A class (inheriting from Builder) that takes parsed documents and performs an action on them. Normally, builders translate the documents to an output format, but it is also possible to use the builder builders that e.g. check for broken links in the documentation, or build coverage information.
See Available builders for an overview over Sphinx’ built-in builders.
A reStructuredText markup element that allows marking a block of content with special meaning. Directives are supplied not only by docutils, but Sphinx and custom extensions can add their own. The basic directive syntax looks like this:
.. directivename:: argument ... :option: value Content of the directive.
See Directives for more information.
Since reST source files can have different extensions (some people like .txt, some like .rst – the extension can be configured with source_suffix) and different OSes have different path separators, Sphinx abstracts them: document names are always relative to the source directory, the extension is stripped, and path separators are converted to slashes. All values, parameters and such referring to “documents” expect such document names.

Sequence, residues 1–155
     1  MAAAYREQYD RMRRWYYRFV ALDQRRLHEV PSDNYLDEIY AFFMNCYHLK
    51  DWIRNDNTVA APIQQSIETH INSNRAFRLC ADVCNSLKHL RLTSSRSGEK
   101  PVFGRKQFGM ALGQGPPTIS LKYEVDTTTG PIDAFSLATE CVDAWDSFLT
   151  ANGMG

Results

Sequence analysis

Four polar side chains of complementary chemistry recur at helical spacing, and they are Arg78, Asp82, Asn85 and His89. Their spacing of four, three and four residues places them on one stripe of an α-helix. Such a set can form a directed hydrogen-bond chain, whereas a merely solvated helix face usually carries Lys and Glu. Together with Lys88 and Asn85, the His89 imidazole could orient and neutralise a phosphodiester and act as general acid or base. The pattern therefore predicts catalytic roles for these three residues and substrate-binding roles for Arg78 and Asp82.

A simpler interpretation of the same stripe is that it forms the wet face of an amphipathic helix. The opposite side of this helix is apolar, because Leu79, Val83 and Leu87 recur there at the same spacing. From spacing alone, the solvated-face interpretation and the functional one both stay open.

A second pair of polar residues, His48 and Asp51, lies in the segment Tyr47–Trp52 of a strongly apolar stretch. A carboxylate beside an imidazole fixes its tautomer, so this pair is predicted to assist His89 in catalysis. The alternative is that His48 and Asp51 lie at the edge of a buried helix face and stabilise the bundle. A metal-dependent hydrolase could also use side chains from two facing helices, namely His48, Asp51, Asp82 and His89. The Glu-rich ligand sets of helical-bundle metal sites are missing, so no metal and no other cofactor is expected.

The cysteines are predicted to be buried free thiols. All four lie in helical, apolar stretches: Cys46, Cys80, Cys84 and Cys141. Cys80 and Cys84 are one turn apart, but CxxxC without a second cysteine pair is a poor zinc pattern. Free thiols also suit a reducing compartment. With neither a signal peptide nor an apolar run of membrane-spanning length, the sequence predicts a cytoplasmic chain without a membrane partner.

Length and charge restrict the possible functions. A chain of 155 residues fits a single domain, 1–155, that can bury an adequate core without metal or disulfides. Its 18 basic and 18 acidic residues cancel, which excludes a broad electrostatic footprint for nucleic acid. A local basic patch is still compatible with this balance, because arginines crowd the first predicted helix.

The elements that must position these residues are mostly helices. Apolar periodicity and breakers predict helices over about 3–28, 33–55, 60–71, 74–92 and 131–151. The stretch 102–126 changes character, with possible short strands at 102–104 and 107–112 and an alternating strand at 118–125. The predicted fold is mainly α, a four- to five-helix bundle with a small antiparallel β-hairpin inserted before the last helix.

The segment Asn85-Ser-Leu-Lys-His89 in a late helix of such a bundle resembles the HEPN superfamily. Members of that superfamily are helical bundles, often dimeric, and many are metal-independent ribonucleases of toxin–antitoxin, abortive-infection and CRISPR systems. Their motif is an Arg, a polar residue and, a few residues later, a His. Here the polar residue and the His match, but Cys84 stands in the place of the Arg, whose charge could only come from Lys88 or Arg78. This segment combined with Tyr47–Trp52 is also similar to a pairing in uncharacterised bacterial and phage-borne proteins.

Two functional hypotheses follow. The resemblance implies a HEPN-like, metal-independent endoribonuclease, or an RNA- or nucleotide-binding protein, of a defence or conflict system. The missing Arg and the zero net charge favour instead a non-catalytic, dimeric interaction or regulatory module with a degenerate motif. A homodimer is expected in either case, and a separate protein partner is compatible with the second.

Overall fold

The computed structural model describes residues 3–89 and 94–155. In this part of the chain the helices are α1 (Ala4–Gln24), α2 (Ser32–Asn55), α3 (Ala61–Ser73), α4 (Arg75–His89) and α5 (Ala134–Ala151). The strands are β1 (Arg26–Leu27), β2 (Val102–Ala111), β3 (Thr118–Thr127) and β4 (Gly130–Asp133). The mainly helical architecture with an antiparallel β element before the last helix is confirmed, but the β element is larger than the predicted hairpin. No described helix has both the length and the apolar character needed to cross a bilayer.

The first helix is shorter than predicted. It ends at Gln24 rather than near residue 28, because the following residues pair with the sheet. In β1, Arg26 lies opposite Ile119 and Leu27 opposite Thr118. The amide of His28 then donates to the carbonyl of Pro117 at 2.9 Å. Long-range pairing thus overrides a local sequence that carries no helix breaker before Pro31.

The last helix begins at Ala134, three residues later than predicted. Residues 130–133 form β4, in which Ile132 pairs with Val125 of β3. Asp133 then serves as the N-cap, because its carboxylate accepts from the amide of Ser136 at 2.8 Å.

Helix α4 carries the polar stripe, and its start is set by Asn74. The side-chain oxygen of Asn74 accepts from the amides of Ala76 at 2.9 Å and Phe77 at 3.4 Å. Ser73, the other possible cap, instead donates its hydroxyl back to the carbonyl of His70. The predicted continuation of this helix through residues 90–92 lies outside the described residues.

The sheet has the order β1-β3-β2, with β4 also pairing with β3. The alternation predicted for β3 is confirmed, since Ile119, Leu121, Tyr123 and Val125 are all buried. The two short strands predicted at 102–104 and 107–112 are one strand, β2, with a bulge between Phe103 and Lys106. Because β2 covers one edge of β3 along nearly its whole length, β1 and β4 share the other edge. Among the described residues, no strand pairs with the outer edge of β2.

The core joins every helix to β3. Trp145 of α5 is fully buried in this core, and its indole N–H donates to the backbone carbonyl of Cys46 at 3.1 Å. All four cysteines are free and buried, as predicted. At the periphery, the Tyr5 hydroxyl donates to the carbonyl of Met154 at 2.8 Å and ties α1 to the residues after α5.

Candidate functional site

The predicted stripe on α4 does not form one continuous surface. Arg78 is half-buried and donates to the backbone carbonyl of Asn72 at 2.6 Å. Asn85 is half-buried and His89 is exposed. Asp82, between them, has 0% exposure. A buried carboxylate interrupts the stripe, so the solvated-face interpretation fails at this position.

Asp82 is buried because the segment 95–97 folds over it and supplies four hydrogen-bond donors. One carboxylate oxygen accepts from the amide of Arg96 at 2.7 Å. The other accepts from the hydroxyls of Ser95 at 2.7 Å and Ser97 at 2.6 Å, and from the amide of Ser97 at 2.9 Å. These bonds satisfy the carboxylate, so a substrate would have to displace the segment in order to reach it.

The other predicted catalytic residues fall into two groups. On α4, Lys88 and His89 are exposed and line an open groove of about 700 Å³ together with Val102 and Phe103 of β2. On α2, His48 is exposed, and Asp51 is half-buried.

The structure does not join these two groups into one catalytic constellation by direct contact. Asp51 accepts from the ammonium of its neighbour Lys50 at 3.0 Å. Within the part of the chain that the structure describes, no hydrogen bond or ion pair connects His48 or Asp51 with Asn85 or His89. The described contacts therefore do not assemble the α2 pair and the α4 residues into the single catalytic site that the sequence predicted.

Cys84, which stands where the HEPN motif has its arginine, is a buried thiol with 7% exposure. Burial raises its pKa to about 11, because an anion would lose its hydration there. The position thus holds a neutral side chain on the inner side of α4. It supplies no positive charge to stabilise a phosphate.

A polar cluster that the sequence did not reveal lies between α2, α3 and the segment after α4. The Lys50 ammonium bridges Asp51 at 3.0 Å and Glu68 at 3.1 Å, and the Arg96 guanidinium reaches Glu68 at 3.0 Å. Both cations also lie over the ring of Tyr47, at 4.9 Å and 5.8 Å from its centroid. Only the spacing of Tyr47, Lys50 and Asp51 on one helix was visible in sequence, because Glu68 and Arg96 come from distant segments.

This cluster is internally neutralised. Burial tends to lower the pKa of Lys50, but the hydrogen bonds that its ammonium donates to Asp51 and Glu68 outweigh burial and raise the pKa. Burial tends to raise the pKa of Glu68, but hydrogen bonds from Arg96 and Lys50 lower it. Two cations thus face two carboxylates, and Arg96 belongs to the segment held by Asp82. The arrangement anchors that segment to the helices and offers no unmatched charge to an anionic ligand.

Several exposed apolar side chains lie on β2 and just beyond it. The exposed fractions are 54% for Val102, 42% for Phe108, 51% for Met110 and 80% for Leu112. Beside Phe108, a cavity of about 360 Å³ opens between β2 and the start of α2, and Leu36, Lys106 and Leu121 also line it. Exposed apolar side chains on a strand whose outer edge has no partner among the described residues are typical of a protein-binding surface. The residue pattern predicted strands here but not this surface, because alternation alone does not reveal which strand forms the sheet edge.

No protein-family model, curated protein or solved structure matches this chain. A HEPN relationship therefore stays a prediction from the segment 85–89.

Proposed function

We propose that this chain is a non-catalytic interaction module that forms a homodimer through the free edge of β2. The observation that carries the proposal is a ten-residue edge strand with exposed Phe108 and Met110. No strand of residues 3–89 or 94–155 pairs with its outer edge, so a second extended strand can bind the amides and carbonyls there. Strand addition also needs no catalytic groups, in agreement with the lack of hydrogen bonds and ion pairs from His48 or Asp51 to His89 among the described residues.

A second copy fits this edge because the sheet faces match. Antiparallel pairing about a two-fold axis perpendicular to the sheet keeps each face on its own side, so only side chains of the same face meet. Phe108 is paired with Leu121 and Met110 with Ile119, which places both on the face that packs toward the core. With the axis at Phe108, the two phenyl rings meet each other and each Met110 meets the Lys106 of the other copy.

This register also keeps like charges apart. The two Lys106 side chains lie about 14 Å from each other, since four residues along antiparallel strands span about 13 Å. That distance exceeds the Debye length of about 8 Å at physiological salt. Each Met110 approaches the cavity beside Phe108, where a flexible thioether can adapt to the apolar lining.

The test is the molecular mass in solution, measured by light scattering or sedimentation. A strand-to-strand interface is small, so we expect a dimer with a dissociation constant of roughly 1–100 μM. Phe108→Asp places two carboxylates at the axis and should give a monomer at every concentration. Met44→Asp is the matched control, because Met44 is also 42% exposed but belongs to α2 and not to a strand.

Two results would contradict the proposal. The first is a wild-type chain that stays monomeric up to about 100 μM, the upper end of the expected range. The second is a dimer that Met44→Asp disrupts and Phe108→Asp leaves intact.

Examples for document names are index, library/zipfile, or reference/datamodel/types. Note that there is no leading or trailing slash.
A domain is a collection of markup (reStructuredText directives and roles) to describe and link to objects belonging together, e.g. elements of a programming language. Directive and role names in a domain have names like domain:name, e.g. py:function.
Having domains means that there are no naming problems when one set of documentation wants to refer to e.g. C++ and Python classes. It also means that extensions that support the documentation of whole new languages are much easier to write. For more information about domains, see the chapter Sphinx Domains.